Candida pathogens induce protective mitochondria-associated type I interferon signalling and a damage-driven response in vaginal epithelial cells.
Vaginal candidiasis is an extremely common disease predominantly caused by four phylogenetically diverse species: Candida albicans; Candida glabrata; Candida parapsilosis; and Candida tropicalis. Using a time course infection model of vaginal epithelial cells and dual RNA sequencing, we show that these species exhibit distinct pathogenicity patterns, which are defined by highly species-specific transcriptional profiles during infection of vaginal epithelial cells. In contrast, host cells exhibit a homogeneous response to all species at the early stages of infection, which is characterized by sublethal mitochondrial signalling inducing a protective type I interferon response. At the later stages, the transcriptional response of the host diverges in a species-dependent manner. This divergence is primarily driven by the extent of epithelial damage elicited by species-specific mechanisms, such as secretion of the toxin candidalysin by C. albicans. Our results uncover a dynamic, biphasic response of vaginal epithelial cells to Candida species, which is characterized by protective mitochondria-associated type I interferon signalling and a species-specific damage-driven response.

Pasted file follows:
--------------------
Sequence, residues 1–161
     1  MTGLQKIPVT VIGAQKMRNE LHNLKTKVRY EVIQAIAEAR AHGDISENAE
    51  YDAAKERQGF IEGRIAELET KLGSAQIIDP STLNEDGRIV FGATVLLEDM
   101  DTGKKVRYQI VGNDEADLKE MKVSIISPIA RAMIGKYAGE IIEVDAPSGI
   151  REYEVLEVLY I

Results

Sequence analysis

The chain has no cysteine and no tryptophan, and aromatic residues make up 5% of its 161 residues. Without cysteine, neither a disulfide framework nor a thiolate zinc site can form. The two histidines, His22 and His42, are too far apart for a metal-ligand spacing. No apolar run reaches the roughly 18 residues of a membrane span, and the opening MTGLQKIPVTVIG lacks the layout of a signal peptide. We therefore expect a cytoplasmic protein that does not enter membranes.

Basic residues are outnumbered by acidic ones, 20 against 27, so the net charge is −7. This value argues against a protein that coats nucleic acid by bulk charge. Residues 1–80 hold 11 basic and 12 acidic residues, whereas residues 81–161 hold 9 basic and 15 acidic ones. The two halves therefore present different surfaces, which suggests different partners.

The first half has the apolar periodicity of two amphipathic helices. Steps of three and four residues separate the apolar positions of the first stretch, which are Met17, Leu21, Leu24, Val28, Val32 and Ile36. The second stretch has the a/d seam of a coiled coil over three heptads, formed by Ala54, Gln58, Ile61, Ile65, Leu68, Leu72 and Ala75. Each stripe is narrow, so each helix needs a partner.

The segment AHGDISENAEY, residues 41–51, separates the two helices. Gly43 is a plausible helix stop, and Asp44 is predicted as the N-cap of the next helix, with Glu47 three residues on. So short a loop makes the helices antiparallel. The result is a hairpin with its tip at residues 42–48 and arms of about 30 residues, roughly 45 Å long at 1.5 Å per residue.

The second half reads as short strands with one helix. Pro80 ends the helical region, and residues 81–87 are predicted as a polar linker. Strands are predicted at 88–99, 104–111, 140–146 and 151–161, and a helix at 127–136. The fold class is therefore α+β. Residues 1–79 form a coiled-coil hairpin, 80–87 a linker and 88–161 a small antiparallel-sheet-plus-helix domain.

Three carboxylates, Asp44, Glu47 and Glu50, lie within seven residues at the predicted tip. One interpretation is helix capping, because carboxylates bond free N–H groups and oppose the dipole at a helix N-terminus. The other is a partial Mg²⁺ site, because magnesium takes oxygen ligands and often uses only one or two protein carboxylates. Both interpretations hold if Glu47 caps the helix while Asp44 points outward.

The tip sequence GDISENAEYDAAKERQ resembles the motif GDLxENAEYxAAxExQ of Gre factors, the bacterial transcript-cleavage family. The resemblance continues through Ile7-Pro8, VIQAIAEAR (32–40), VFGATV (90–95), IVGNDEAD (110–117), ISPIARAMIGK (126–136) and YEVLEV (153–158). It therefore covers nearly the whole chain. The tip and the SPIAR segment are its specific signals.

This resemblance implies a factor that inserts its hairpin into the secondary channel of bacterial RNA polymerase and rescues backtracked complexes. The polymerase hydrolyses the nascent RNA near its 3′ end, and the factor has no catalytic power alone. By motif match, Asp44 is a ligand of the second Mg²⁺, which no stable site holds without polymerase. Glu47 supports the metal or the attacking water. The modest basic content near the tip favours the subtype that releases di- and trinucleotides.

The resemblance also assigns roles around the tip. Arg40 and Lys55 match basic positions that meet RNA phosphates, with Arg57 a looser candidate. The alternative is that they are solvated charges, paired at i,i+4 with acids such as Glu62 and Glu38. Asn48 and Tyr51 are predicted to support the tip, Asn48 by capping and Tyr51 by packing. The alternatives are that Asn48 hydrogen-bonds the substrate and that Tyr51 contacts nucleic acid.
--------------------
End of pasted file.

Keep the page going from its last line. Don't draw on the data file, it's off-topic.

Publication award der DMykG, Selected as Paper of the month by the DGHM